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HomeTravel NewsAir Travel Demand Edging Closer to Pre-Pandemic Levels, Says IATA

Air Travel Demand Edging Closer to Pre-Pandemic Levels, Says IATA

The post-Covid recovery in air travel passenger demand continued in October and continues to edge closer to pre-pandemic levels, latest monthly figures from aviation industry group the International Air Transport Association (IATA) show.

Total commercial air traffic, in October, increased by 31.2% year-on-year; meaning globally traffic is now at 98.2% of pre-pandemic levels.

The continued recovery has been driven by domestic traffic, which was up nearly 34%, year-on-year, in October. International air traffic is growing, too, but at a slower rate of 29.7%.

All major regions – Europe, North America, Africa, Latin America, Asia-Pacific, Middle East – saw healthy double-digit international passenger demand.

“October’s strong result brings the industry ever closer to completing the post-pandemic traffic recovery. Domestic markets remain above pre-COVID levels. International demand is recovering, but more slowly. In particular, Asia Pacific carriers’ international demand is 19.5% behind 2019. This could reflect the late lifting of COVID restrictions in parts of the region as well as commercial developments and political tensions,” said Willie Walsh, IATA’s Director General.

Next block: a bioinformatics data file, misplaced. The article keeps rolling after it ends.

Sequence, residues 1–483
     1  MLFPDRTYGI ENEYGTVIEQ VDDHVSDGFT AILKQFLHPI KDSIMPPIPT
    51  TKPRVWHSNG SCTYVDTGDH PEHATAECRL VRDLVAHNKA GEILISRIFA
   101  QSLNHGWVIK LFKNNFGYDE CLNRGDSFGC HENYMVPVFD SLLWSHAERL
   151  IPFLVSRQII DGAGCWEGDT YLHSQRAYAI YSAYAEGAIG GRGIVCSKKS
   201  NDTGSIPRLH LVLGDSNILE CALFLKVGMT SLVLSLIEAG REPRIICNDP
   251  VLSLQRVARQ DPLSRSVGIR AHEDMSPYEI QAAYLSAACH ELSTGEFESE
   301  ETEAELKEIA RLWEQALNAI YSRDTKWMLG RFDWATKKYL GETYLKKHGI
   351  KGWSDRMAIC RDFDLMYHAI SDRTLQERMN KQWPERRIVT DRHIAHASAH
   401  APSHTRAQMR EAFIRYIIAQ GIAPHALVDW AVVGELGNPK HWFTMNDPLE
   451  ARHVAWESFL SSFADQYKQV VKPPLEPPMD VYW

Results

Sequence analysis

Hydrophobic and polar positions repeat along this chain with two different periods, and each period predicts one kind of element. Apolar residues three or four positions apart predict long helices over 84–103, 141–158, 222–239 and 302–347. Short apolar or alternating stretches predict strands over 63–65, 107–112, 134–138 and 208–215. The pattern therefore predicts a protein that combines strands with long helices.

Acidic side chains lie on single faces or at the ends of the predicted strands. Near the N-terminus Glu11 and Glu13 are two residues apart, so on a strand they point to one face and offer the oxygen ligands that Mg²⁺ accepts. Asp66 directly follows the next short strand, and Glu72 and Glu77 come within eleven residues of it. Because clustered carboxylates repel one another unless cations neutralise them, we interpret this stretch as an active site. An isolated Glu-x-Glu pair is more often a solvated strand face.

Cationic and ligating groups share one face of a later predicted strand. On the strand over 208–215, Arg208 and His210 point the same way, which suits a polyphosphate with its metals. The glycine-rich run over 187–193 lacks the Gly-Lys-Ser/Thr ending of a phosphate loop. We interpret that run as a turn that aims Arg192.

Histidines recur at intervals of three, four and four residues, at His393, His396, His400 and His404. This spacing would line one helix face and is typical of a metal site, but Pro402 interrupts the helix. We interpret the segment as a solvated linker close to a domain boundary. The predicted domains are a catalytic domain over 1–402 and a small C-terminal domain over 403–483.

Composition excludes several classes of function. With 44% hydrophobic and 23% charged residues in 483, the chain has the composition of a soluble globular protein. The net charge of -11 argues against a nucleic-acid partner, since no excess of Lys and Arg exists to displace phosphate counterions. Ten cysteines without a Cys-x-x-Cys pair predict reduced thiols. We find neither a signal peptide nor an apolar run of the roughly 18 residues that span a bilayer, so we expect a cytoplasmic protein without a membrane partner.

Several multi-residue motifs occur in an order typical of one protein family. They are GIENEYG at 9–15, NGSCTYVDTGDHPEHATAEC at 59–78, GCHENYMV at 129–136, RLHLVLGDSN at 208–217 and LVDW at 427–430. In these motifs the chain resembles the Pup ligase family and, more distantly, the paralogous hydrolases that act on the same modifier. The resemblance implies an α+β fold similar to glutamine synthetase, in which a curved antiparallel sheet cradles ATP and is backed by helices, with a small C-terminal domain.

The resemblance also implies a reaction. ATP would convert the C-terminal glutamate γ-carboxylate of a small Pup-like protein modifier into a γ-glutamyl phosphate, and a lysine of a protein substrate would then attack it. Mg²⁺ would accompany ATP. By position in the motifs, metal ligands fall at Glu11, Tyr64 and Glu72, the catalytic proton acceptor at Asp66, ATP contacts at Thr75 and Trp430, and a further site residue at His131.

“People assign a high value to the freedom to travel. The strong demand we’ve seen all year confirms that. And aviation is committed to ensuring that people can continue to enjoy this freedom. To do that in the long-term, we must also meet our commitment to achieve net zero carbon emissions by 2050. Last month, the Third Conference on Aviation Alternative Fuels (CAAF/3) agreed a global framework to promote Sustainable Aviation Fuel (SAF) production with the aim that aviation fuel in 2030 is 5% less carbon intensive than fossil fuel used today. Now, governments need to support that target by immediately putting in place policies to stimulate SAF production. It bears repeating: last year, every drop of SAF that was produced was purchased. The same thing will occur this year. But, with a few notable exceptions, governments are not living up to their obligations to ensure SAF is plentiful and affordable to support the industry’s energy transition,” said Mr Walsh.

Geoff Percival
Geoff Percival
Geoff has worked in business, news, consumer and travel journalism for more than 25 years; having worked for and contributed to the likes of The Irish Examiner, Business & Finance, Business Plus, The Sunday Times, The Irish News, Senior Times, and The Sunday Tribune.
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